It had become easy to forget, lost in all the talk about the relentlessness of the Royals. But the Mets lived this season with adversity, too, learned to fight through it, feed off it and ultimately conquer it.

Through two games of the 111th World Series, the Royals created the illusion that they hold a monopoly on resolve. Not anymore. Not after Friday night, not after a critical 9-3 win by the Mets that served as a resounding reminder of their character.

Humbled in the first two games of the series, the Mets roared to life in Citi Field's first World Series game.

"Right now, we need everybody to step up," manager Terry Collins said before he watched it actually happen.

David Wright drove in four runs with a two-run homer in the first and a two-run single in a four-run sixth that broke open the game.

Juan Uribe, on the shelf with a chest injury since Sept. 25, came off the bench in the sixth to lace an RBI single in his first postseason at-bat.

Noah Syndergaard, the 23-year-old righthander charged with saving the season, held the Royals to three runs. He escaped a bases-loaded jam in the sixth, his final inning, to keep the Royals from seizing the momentum.

For the first time in the World Series, the Mets turned the tables, punishing the Royals for costly defensive miscues. It came at an ideal time. A loss would have left the Mets with a 3-0 deficit in the series, a nearly insurmountable deficit.

Instead, the Mets have new life. They will send Steven Matz to the mound Saturday night in Game 4 with a chance to even the best-of-seven series.

From the very first pitch, the Mets resolved that Game 3 would be different. A day earlier, Syndergaard was asked if he had noted the way Royals leadoff man Alcides Escobar feasted on first pitches, as he did on his inside-the-park home run off Matt Harvey in Game 1.

"I have a few tricks up my sleeve that I'll be able to break out tomorrow night," said Syndergaard, who buzzed Escobar's tower with a 98-mph heater on his first pitch of the game.

Television cameras showed Mike Moustakas spitting out a stream of obscenities from the Royals' dugout. The pitch sent the crowd into a frenzy, and the fans roared again when Escobar struck out, unable to catch up to a fastball.

But the Royals shook it off, going back to a formula that has worked all season. Even against Syndergaard, who has induced the highest percentages of swings and misses in this postseason, the Royals did not miss.

Ben Zobrist doubled and Lorenzo Cain's excuse-me half- swing resulted in a bouncer just to the right of the mound for an infield single.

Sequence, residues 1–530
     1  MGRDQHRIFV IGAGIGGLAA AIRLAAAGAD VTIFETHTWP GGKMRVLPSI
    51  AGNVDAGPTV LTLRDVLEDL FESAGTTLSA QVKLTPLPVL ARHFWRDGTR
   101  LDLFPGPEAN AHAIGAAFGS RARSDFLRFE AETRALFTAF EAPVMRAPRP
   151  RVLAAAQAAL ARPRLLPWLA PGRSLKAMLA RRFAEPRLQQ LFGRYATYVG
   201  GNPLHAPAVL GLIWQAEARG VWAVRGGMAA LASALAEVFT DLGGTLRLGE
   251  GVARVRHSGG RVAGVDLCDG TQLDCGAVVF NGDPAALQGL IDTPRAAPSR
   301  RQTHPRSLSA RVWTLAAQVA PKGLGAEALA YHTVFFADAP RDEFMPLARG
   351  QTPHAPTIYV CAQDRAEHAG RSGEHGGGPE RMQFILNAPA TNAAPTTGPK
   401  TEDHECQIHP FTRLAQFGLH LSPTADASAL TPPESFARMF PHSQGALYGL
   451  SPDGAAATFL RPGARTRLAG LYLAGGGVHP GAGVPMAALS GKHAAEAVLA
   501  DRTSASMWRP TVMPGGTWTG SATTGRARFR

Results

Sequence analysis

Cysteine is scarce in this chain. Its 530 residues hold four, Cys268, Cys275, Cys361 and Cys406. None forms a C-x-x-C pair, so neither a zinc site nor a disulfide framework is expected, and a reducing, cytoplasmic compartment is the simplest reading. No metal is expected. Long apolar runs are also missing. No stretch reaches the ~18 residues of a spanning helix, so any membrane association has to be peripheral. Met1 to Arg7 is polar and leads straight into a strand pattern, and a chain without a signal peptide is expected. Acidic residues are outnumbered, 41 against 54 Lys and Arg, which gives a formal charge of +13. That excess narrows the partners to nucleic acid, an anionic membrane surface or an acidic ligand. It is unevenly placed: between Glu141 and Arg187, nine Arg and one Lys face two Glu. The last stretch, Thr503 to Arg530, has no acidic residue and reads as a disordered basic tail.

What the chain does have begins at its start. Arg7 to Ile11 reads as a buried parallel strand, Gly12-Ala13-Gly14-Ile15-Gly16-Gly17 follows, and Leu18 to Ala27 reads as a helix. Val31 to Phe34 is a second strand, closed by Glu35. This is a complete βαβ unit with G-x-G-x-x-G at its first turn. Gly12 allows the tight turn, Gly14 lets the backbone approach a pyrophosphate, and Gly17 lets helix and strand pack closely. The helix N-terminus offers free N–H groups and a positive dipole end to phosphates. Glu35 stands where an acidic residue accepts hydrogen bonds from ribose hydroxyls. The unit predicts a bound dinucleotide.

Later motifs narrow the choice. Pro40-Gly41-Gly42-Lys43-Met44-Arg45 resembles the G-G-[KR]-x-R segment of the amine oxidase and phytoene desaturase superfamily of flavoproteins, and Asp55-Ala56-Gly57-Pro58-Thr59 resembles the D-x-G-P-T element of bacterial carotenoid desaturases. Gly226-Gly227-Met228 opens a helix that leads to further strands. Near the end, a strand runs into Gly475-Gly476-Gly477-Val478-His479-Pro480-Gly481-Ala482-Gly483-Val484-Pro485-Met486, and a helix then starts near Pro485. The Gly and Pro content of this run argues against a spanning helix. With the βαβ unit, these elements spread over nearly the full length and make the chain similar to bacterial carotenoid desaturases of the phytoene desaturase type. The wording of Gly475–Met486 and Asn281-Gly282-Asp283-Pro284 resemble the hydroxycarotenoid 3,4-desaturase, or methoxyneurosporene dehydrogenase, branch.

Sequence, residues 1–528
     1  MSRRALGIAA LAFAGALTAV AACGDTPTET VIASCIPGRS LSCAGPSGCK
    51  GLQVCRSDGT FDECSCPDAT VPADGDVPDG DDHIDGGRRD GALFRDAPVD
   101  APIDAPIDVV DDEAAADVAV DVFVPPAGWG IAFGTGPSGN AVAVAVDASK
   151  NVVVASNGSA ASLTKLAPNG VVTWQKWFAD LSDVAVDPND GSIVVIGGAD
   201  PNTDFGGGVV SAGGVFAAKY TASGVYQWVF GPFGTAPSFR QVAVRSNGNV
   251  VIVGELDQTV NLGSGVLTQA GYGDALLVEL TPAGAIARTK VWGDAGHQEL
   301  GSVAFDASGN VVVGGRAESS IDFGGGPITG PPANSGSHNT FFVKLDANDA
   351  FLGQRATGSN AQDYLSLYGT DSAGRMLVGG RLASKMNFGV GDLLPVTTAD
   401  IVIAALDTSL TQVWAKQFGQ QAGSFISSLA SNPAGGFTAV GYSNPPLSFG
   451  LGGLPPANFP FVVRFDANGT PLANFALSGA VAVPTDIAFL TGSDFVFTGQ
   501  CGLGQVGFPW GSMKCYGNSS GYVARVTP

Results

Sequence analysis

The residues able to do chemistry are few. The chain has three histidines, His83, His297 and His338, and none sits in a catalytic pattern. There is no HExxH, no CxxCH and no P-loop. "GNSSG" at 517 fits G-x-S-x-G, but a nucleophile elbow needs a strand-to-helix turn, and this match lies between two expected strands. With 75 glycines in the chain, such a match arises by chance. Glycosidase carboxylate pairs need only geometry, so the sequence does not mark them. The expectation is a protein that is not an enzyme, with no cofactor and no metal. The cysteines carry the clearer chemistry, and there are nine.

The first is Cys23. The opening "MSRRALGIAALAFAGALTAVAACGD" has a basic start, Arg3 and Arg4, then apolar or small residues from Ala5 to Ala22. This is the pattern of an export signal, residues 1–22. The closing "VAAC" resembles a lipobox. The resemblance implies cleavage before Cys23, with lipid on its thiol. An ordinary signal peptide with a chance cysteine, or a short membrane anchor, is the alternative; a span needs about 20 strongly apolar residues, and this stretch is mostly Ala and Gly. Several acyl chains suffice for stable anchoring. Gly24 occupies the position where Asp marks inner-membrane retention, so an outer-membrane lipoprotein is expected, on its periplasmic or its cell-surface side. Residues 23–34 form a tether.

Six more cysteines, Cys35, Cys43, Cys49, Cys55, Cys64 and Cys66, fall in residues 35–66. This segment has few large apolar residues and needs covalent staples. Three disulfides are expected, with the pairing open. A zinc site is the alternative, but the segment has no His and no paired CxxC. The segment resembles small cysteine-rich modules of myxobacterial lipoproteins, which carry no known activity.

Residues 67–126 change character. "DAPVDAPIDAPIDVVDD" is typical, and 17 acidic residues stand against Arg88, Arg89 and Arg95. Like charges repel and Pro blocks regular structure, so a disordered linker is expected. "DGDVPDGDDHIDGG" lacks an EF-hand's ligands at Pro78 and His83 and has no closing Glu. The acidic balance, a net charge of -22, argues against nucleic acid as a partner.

With runners at the corners, Eric Hosmer hit a hard grounder to first base -- an inning-ending double play had it been turned. But Wilmer Flores' return throw sailed wide of the bag, which both Syndergaard and Lucas Duda covered in a bit of miscommunication. That made it 1-0.

The Mets bounced back in their half of the first, temporary seizing the momentum when Granderson reached on an infield single and Wright turned on a 96-mph fastball from Yordano Ventura for the second postseason homer of his career. The two-run shot sent a buzz through Citi Field and gave the Mets a 2-1 lead.

The Royals rallied to take a 3-2 lead in the second as Alex Rios singled home a run and scored on a two-out passed ball charged to Travis d'Arnaud.

Syndergaard led off the third by lining a single on an 0-and-2 curveball and Granderson ripped a two-run homer that hugged the rightfield line. His second home run of the World Series gave the Mets a 4-3 lead.

The Royals offered a rare gift in the fourth, allowing the Mets to tack on. Duda singled, d'Arnaud doubled and Michael Conforto rolled a grounder to first. When Ventura neglected to cover the bag, Duda scored to make it 5-3.

With one out in the sixth and a run already in on Uribe's single, Royals reliever Franklin Morales fielded a comebacker from Granderson. It could have ended the inning, but Morales froze. The confusion allowed Granderson to reach base, opening the door for Wright, whose two-run single came on the first pitch he saw from Kelvin Herrera. Yoenis Cespedes' sacrifice fly made it 9-3.